This passage, from near the end of the text, returns the reader to Joe’s father, who as a furniture restorer corked in such a way that he could create. More, he could create without the need for a theory and without regard for the utility of his creation. The creation, the creating, was the utility it seems, just as it was for Joe’s grandmother who could cook but not explain her methods to another, who could not communicate what labor is.

I would like to point out a thousand things about Once an Engineer, from its comedy to its capture of local dialect, but I’ll refrain. I’ll refrain because in the end these things cannot be communicated, least of all in a review. They are not private languages, as in certain notions of the postmodern. They are not merely idiosyncratic. They are something else, something that only exists in their happening, something no text can quite convey. I will leave it to Joe’s text to try to convey where it knows it cannot.

Hence: Yeah it snows a lot in Syracuse. Fuck you.


2 Responses to “Joe Amato’s Once an Engineer”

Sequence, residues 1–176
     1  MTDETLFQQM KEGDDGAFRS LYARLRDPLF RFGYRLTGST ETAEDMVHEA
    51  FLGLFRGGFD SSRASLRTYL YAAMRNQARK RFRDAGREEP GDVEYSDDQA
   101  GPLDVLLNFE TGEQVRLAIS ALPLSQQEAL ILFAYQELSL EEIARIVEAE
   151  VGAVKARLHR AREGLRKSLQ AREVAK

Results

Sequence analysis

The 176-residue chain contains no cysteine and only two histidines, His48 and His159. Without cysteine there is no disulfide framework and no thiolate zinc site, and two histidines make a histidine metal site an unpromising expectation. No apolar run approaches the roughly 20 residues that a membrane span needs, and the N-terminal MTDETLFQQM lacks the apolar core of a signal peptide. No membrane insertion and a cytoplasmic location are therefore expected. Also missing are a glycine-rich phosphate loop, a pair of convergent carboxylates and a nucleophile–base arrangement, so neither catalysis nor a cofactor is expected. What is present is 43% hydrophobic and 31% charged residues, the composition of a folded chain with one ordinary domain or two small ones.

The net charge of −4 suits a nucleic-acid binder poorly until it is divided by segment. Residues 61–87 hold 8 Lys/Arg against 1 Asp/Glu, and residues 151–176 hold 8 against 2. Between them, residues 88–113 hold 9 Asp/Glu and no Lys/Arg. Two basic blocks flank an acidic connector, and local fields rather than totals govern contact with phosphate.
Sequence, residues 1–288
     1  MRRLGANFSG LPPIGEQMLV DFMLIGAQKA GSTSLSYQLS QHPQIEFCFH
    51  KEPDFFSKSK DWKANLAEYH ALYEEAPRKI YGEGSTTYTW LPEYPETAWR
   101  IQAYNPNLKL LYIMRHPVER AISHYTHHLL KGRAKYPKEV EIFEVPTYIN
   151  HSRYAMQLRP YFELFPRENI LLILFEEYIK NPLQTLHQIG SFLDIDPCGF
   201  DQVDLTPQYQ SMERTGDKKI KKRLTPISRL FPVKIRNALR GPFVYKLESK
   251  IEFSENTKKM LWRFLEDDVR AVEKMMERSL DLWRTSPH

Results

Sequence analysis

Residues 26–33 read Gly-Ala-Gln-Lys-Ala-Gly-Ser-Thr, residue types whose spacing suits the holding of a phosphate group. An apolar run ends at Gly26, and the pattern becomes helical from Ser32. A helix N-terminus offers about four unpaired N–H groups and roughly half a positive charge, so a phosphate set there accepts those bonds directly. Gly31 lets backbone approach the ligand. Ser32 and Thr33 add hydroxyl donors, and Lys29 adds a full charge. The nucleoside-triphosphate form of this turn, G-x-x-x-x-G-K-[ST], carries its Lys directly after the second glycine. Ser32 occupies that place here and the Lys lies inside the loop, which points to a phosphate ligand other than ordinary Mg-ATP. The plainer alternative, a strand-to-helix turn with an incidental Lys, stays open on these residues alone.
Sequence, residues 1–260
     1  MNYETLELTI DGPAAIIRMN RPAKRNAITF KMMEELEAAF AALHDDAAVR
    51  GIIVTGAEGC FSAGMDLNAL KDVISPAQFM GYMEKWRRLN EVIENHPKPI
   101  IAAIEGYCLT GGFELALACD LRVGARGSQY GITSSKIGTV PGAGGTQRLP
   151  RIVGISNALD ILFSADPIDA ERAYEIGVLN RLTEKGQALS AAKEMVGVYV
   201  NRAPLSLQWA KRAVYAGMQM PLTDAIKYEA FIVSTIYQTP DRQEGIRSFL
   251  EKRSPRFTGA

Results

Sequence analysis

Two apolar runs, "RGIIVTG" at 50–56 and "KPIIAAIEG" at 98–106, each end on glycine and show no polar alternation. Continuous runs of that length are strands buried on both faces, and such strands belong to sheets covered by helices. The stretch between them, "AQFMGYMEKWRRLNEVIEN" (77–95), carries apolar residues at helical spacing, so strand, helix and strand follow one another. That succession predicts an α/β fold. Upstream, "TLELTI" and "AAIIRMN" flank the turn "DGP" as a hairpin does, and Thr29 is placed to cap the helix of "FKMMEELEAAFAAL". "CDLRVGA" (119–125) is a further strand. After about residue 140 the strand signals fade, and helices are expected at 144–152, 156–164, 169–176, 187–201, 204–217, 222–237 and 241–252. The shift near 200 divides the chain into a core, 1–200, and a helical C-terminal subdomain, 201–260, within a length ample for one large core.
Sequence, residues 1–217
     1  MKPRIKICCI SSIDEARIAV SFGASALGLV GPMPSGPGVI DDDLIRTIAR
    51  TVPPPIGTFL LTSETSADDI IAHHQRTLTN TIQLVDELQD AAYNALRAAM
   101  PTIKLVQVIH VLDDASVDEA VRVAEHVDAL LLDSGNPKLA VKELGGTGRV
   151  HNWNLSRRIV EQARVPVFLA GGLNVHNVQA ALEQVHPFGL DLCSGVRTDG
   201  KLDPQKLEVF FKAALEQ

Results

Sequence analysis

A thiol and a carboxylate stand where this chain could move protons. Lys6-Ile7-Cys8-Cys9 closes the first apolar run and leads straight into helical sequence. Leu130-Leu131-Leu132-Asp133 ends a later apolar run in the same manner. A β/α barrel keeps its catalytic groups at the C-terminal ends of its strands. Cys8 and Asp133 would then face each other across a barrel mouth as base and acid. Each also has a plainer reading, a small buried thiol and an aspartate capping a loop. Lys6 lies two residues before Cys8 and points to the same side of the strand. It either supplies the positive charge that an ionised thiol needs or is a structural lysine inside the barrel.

1. Kass Fleisher Says:

    Great read of this "text," perhaps the most useful insight being that "the most troubling difference seems to exist where those who want to solve problems meet those who demand those solutions be legible according to organizational if not capitalistic principles." This expands Joe's discussion of class to the implications of class within the institutional/organizational. In so many ways this book is a demonstration of the intersectionality of class and ethnicity; both affect the means by which an engineer problem-solves *and* the language he's going to bring to that solution *which* then affects how the institution's representatives hear that solution. For me, one of the tragedies of the book is the implied sequel: how the narrator's problem-solving will in future be viewed by academia. How does an English Department prefer to solve the problem of a poem? Very nearly the way the corporation wants to solve the problem of metering usage. Fucking sad, man. Fucking brutal.

  2. Benjamion J Robertson Says:

    i really like the language of design, where it's about solving problems. but, like any language, it can be co-opted, appropriated and then turned into a narrow practice. the only problems worth solving are the ones they say are worth solving, and too frequently all problems become the same problem and are supposed to be solved by the same method. in academia it becomes, "when all you have is some derrida, everything looks like a transcendental signifier."